Rodgers hides Packers' flaws in pursuit of 16-0

  • Oops!
    Something went wrong.
    Please try again later.
  • Oops!
    Something went wrong.
    Please try again later.

EAST RUTHERFORD, N.J. – If you're looking for an indication of how the Green Bay Packers are going to pursue perfection, there was a clear sign given as incomparable quarterback Aaron Rodgers walked onto the field with the scored tied 35-35 against the New York Giants.

With the ball at their own 20-yard line with 58 seconds left, Rodgers "half-expected" coach Mike McCarthy to play it safe with a draw or a screen. If that worked, maybe get more aggressive. You get the tepid picture.

"But [Coach McCarthy] looked at me, called a play, I was like, 'All right, let's go,' and we went into the huddle with a lot of confidence and we executed the way we wanted to,” Rodgers said.



Yahoo! Sports Radio: Packers kicker Mason Crosby on winning kick]

From there, Rodgers went about being the human Ginsu he has been all season. After a frustrating game that featured at least five dropped passes, Rodgers completed four straight passes, putting the Packers at the Giants' 12-yard line with time to spare. A chip-shot, 31-yard field goal gave Green Bay a 38-35 victory, a playoff berth and division title, a 12-0 record and a clear path to 16-0 with three home games and a trip to Kansas City between now and then.

How will the Packers handle that chance to run the table? Do they merge pedal and metal or get cozy with a vest? McCarthy didn't show his hand after the game.

"From my perspective, and I clearly understand the 16-0 gig and the importance of it, 38-35 [speaks volumes]," McCarthy said. "That's why you stay focused on what's at hand, because every week it's going to be a challenge. We're 12-0, but we need to get to 13-0. We have other goals in front of us before we can even entertain that. So I hope we are in position to talk about that. But right now, we really aren't."

No, the Packers aren't, but they may have little choice but to push themselves. The important subplot from what happened against the Giants, who lost their fourth straight after a 6-2 start, is that Green Bay showed how close it is to the precipice despite its record. The Packers are immaculate right now, but they are far from impervious.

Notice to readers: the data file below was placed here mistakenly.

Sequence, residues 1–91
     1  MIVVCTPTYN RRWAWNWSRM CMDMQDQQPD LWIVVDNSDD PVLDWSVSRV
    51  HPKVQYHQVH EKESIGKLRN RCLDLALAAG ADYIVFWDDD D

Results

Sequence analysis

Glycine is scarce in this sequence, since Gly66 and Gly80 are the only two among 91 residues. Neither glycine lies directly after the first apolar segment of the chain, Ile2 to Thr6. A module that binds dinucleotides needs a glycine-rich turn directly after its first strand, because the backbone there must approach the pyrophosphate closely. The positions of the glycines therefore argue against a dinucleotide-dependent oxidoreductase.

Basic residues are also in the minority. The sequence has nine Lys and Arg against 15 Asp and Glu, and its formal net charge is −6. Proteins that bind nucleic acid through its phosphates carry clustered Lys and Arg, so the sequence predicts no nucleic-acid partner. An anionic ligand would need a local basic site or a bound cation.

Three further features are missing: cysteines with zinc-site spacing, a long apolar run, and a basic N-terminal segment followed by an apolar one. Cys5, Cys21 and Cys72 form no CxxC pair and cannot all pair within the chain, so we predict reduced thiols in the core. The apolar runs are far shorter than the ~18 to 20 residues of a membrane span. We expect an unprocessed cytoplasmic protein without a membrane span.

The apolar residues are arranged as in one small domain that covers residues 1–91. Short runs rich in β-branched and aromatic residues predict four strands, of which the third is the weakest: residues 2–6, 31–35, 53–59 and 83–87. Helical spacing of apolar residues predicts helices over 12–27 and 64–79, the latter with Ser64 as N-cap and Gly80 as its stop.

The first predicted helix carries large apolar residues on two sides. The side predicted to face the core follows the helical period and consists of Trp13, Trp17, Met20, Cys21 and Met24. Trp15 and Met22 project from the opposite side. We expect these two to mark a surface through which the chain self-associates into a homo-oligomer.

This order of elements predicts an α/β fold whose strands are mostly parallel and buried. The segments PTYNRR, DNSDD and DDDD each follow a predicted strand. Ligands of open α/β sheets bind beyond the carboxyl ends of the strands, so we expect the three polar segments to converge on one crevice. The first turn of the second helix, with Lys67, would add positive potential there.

On Sunday, the Packers couldn't play defense (they returned an interception for a score, but gave up 447 total yards), they couldn't really run the ball (89 yards on 28 carries) and they couldn't catch as the drops showed. On top of those problems, the Packers lost their best defensive player, cornerback Charles Woodson, to a concussion in the fourth quarter. Woodson didn't talk to reporters after the game and it is unknown how long he'll be out until he's examined by an independent neurologist.

[ Related: Charles Woodson congratulates Giant who burned him ]

As for the drops, Rodgers was clearly frustrated in the second half.

"Drops are part of the game, they are going to happen, it's just frustrating when they are having a direct impact on a drive. … I don't know how many we officially had [Sunday], but more than is acceptable," Rodgers said.

Yeah, Rodgers had a rare mistake himself, throwing his fifth interception of the season, but his play was mostly brilliant. Or as McCarthy put it, "I'm running out of things to say about him."

What McCarthy says about Rodgers is irrelevant. What he says to Rodgers is crucial. Right now, McCarthy and the Packers have to lean on Rodgers and his extraordinary ability a lot. Rodgers has the skill to cover up so many things that ail the Packers.

In the middle of the fourth quarter, after the Giants closed to within a point at 28-27, Rodgers made a couple of extraordinary throws. On a second-and-10, he hit wide receiver Jordy Nelson for 21 yards, Nelson making a leaping, spinning catch and somehow getting his feet down in bounds.

"You didn't know I was a ballet dancer," Nelson said with a broad grin. "I'd like to think I'm a pretty good athlete."

Two plays later, Rodgers came back with another touchdown pass courtesy of a toe-tapping effort by wide receiver Donald Driver. But the real beauty of the play was that Rodgers scanned the entire field, starting off looking at the left sideline, quickly progressing past the left seam, the right seam and then ending up due right before delivering the 7-yard strike.

[ Related: Week 13's winners and losers ]

The Giants responded with a brilliant 69-yard drive, Manning completing 5-of-8 for 66 yards and his third touchdown pass. The lone mistake was leaving 58 seconds on the clock.

Enough time for Rodgers to work his magic after McCarthy was aggressive enough to call for it.

Other popular stories on Yahoo! Sports:
Check out the complete college football bowl schedule
Tebow does it again as Broncos rally past Vikings
Raiders' Richard Seymour ejected after questionable punch
Bears' playoff hopes dwindling after Matt Forte sprains MCL